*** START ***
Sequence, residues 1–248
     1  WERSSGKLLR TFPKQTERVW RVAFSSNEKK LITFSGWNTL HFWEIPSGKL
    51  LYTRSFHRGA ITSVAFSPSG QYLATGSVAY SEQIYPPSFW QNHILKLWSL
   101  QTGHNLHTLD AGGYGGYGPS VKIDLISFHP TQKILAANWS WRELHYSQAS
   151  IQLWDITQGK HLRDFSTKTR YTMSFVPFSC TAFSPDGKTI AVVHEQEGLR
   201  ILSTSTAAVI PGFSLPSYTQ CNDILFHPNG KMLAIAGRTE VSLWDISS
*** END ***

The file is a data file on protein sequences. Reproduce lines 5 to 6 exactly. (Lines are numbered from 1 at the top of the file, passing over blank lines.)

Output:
   151  IQLWDITQGK HLRDFSTKTR YTMSFVPFSC TAFSPDGKTI AVVHEQEGLR
   201  ILSTSTAAVI PGFSLPSYTQ CNDILFHPNG KMLAIAGRTE VSLWDISS